Tuesday, January 21, 2014

REVIEW: 'Chicago Fire' Turns Off the Lights in a Simple Yet Chilling Hour - 'Tonight's the Night'

NBC's Chicago Fire - Episode 2.13 Tonight's the Night

When a drunk driver knocks down a transformer, the neighborhood is left without power on a frigid Chicago Night, with many choosing to ride out the night at the station in very close quarters; Casey continues to lie to both himself and Dawson about his condition; and the stakeholders in Molly's bicker about the bar's direction.

"Tonight's the Night" is a very effective episode of Chicago Fire entirely because of its simplicity. The show takes one interesting idea - what were to happen if the power went out in the neighborhood - and presents a multi-faceted story of the repercussions that result from it. Even the stories that seem thinly drawn so that the episode has something resembling a plot - the one guy's vendetta against Severide - seemed intriguing.

Like all of Chicago Fire's best episodes, it blends life-and-death stories with the lives of its characters in a way that is not too soap opera-y. It's important to note that even held up together at Firehouse 51 things never feel claustrophobic. Moments of levity make the characters more interesting and real - and those moments also made this hour feel real. It was amusing seeing Cruz and Mouch try to entertain the kids. I loved the symmetry of Boden walking in on Otis and Katie and then Otis walking in on Boden and his new love interest - whose name I have no clue about.

But the big stuff that happened also read incredibly true to what likely would happen if such an event actually occurred. Like Casey noted at the top of the hour - "When the lights go out, the wolves come out." Looting is a very real concern and it pleased me that the show didn't shy away from that. They realistically got Clarke into that situation at the local grocery store - with him seemingly having no way to protect the store's owner. Sure, the police pulling up all of a sudden was a pretty weak resolution. But it was a good story - even if it wasn't completely thought-out.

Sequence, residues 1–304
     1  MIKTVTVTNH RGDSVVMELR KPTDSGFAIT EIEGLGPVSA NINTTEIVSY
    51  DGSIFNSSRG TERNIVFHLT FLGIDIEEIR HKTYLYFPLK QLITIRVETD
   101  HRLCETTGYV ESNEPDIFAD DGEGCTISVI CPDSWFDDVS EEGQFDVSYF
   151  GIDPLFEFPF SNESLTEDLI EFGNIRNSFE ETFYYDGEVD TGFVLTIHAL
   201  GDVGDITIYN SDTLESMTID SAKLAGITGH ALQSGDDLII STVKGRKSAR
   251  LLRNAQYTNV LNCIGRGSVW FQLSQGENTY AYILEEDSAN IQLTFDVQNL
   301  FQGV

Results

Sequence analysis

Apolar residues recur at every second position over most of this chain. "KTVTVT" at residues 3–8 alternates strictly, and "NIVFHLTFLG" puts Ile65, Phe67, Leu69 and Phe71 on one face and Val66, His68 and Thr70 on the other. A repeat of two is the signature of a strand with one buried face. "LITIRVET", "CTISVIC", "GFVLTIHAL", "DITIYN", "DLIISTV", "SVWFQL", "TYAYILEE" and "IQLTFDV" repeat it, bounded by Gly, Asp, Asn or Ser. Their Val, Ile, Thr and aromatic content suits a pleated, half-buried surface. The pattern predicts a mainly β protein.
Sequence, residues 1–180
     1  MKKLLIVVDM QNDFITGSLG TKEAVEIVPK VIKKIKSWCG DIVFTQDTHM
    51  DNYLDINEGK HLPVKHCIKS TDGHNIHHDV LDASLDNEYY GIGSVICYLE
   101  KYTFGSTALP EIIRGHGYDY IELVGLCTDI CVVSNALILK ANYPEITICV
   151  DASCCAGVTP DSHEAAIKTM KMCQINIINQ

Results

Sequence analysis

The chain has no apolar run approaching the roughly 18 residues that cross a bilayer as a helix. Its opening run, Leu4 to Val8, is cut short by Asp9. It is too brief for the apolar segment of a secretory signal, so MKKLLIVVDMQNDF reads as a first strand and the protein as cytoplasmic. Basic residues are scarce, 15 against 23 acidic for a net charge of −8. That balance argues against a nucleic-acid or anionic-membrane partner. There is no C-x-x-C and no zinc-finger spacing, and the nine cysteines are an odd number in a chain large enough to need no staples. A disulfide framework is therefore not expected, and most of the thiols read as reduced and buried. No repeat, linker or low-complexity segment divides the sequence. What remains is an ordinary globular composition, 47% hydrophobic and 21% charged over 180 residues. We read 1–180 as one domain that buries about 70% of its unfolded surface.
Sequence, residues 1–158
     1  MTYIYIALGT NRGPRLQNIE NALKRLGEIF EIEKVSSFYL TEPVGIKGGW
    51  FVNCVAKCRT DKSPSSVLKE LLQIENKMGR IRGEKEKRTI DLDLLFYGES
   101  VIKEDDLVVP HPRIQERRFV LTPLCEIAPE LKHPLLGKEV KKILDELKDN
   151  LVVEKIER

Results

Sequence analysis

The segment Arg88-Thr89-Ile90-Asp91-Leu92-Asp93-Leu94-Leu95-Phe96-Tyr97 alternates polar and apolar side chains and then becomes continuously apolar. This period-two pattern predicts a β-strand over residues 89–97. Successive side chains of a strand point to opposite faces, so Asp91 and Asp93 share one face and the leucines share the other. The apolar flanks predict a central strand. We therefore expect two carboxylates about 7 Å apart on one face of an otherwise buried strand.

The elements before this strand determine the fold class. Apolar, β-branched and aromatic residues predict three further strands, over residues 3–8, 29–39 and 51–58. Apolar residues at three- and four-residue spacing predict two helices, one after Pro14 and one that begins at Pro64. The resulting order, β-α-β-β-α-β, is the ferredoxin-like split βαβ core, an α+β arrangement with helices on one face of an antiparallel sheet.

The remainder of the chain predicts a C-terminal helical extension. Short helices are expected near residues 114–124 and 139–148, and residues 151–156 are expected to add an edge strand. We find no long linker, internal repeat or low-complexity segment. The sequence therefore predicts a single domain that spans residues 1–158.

The plot involving Severide was the weakest story of the hour. Just because he threw you out of the firehouse because you were harrassing the brother of the man who killed your niece, means you will devote your entire time to exacting revenge on him? That just doesn't make a whole lot of sense. And it seems that story won't be going away any time soon - as he and his gang kidnapped Katie during the closing moments (because, of course, something dramatic had to happen in the closing moments).

Some more thoughts:
  • Number of Calls - Just 2. The opening call to the drunk driver that starts off the events of the episode as well as the family with carbon monoxide poisoning.
  • Casey!!! If blood is coming out of your ear, then you have to admit that you are not fine!
  • So Molly's is becoming a lesbian bar. As long as all the regular characters can still be there too everything should be fine.
  • Rafferty calls Dawson the most likable person at the Firehouse - after the dog. I would not disagree with that statement at all.
  • Predicted what would happen with the elderly couple as soon as they first appeared. Glad, however, that neither of them actually died - that probably would have been too much.
  • Chicago Fire is also really pushing those cameos from Chicago P.D. characters. Those crossovers don't feel completely natural anymore.
  • Am I the only one who just doesn't see any kind of chemistry between Severide and Detective Lindsay?
  • Because of the Winter Olympics, that's it for Chicago Fire until February 25.